While individually, there may be an escapist purpose and a lack of true accountability, the overall picture is more important. If companies, for whatever reason, provide money to enhance forestation practices, it is a good thing. Healthy forests capture carbon. Whatever the mechanism may be, the expanded management of forests to capture carbon is essential. It eliminates the need for pipelines, sequestration locations, and capture technology since it is all there in the natural process of forest growth.
I view funding vigorous forests by whatever mechanism as essential to solving climate change. Given our political-economic system, it seems natural that two forces would come into play—government regulation and a creative private sector that financializes carbon. Many people will hate to see the financialization of carbon, while others will detest regulations. The criticality of our situation, however, suggests that the means are far less important than the outcome. If these approaches can manage forests to improve carbon capture, forests can play a significant part in our overall solution.
Technologies are going to improve and other methods will be developed for taking carbon out of the air; the only question is, as with other climate solutions, will it happen fast enough? Can we reduce emissions, stop emissions, and reduced existing carbon in the atmosphere? We don't know. All we know is that we need to keep moving and move faster than we are today. Too many people have already experienced the catastrophic impact of climate change, and more are to come. We need to solve this now.
In the final analysis, we must get carbon to 350 ppm in the atmosphere or less—preferably 300 ppm, which was closer to pre-industrial levels. To get to carbon 350 ppm in the atmosphere, we are going to need a total effort with everyone contributing. As an individual, your part is two things: find a job that allows your best efforts to be dedicated to climate solutions and adopt the technologies that are carbon-free, save money, and make your life better. That shouldn't be hard. Eliminate your direct emissions, and don't get confused by "carbon footprint."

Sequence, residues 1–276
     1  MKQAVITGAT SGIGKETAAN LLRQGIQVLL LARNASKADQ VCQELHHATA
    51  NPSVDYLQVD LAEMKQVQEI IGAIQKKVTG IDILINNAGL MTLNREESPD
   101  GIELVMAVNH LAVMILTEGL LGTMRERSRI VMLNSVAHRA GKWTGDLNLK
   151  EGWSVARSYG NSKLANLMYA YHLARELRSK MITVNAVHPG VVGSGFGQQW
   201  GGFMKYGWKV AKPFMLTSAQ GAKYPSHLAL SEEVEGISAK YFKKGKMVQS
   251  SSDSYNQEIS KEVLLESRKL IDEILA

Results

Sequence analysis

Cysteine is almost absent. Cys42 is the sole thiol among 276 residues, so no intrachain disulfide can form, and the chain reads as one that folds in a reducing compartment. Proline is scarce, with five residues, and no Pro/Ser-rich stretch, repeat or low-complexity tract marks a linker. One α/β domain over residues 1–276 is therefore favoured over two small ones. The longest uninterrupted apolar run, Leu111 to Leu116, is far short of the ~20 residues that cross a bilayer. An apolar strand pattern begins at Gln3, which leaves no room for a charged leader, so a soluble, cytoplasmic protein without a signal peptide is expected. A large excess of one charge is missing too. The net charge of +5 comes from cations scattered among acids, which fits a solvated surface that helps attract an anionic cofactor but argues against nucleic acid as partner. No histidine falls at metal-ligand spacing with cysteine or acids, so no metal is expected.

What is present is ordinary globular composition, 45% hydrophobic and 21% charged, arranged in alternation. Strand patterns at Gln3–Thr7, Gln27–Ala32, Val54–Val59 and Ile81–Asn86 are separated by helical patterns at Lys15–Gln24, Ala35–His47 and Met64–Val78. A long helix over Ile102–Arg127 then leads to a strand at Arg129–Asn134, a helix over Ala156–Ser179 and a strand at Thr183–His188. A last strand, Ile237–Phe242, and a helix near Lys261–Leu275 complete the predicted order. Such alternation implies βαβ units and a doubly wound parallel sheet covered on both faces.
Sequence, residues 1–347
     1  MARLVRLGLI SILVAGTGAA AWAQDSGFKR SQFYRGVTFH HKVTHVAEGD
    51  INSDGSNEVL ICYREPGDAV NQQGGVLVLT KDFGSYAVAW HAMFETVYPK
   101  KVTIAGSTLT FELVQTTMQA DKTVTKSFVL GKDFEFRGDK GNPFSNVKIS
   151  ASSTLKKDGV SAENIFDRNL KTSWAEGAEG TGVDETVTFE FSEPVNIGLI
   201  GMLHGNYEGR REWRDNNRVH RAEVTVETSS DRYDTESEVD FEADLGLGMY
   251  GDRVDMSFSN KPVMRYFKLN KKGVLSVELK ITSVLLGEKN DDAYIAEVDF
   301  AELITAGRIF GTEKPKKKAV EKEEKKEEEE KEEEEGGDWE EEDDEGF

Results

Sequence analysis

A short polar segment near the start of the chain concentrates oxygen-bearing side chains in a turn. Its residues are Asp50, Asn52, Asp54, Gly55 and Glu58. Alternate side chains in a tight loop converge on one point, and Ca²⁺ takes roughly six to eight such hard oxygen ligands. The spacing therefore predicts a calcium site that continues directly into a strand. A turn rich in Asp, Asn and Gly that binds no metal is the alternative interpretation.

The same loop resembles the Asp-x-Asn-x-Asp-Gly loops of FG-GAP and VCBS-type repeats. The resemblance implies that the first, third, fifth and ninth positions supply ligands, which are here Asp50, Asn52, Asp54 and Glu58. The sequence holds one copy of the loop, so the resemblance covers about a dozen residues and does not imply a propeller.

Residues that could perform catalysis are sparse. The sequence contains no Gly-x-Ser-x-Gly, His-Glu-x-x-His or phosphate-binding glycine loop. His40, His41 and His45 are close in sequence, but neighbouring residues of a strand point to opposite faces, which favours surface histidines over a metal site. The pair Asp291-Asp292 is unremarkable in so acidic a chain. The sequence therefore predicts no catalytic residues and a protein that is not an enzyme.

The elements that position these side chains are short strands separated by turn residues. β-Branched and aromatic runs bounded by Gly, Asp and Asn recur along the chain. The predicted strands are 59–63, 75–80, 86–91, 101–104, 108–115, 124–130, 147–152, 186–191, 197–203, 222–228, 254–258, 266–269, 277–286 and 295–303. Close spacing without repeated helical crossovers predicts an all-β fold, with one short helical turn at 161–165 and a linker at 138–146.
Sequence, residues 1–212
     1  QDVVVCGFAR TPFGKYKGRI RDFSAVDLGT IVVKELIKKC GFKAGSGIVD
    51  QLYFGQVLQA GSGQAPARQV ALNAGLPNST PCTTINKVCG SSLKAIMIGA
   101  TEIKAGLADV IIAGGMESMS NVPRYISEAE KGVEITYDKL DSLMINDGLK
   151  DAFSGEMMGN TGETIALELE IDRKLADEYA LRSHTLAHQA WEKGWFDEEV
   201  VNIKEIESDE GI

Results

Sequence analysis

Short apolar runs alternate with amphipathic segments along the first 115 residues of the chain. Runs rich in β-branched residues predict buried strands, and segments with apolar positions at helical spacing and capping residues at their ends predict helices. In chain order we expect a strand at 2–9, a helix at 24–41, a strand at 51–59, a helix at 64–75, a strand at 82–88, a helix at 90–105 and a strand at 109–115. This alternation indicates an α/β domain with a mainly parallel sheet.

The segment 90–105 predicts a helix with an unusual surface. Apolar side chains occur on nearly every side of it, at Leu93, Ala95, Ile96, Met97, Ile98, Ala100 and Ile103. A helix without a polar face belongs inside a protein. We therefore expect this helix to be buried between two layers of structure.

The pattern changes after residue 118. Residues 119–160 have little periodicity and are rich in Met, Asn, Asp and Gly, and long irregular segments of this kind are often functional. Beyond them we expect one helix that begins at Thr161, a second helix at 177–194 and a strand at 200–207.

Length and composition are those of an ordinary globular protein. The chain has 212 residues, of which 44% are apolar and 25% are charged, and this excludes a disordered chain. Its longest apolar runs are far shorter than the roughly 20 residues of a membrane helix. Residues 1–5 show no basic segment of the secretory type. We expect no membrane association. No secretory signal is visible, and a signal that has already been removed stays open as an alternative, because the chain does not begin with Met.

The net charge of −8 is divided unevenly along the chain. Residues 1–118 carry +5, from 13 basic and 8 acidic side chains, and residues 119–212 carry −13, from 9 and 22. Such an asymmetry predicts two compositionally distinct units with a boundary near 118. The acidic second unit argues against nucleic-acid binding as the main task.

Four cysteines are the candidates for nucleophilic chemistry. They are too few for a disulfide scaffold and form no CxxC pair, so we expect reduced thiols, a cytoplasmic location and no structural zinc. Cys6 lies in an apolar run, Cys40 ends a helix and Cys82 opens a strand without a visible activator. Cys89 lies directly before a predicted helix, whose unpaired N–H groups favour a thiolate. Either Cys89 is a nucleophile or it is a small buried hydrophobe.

The government needs to put a price on carbon that will motivate industry to do its part. Taxes, markets, or other mechanisms… you'll know if they are successful by their impact. If they motivate industry to eliminate carbon, they are doing their work.
An industry that needs to scrub needs to scrub—there's just no way around it. The world needs the chemicals, steel, cement, and other products of industry, and until we have another way to make them, scrubbing the production is our only alternative.
Finally, we need to capture carbon. In forests, in oceans, underground, by mechanical or technical methods. These are all critical. There is no option. Government, investors and financiers, scientists, social planners—everyone needs to participate to get this to work as well.
You see, there is a way. We can do this. We just need to do it.
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Today, we installed solar panels on our home and I'm hoping it's enough to take us completely off the grid. I'm excited to take the first step of many. I agree that the utility companies need to move to non polluting sources so more people can participate this way.
Thanks, as always, for your thoughtful essays. You always take a balanced approach and I appreciate that.
Great subject; Thanks again for insights. I agree 100% except I'd add to the part
about "Attitude". Climate is in crisis. It is an existential threat. I'm positive.
But this threat (IMHO) doesn't only freeze people in place because it is so scary/overwhelming. I think it's also because neither extreme (left or right) understand the issue. And the majority are quietly listening and often misdiagnosing the problem as a result (and therefore the "urgency").**
On the right - they think we want "cleaner air" while we've been improving AQI since the 70s. Bottom-line: they fear government control freaks.
On the left - they think there's good guys vs bad guys (workers vs greedy industrial corporations). I call them "pitch forkers" after the French Revolution days. And the right-leaners get defensive and it verifies their paranoia about "control freaks."
** They're misdiagnosing (IMHO) because they're missing "how we got here in the first place" which our side never seems to address. EG was my grandfather "EVIL" for driving internal combusion engine or his wife for using a gas stove?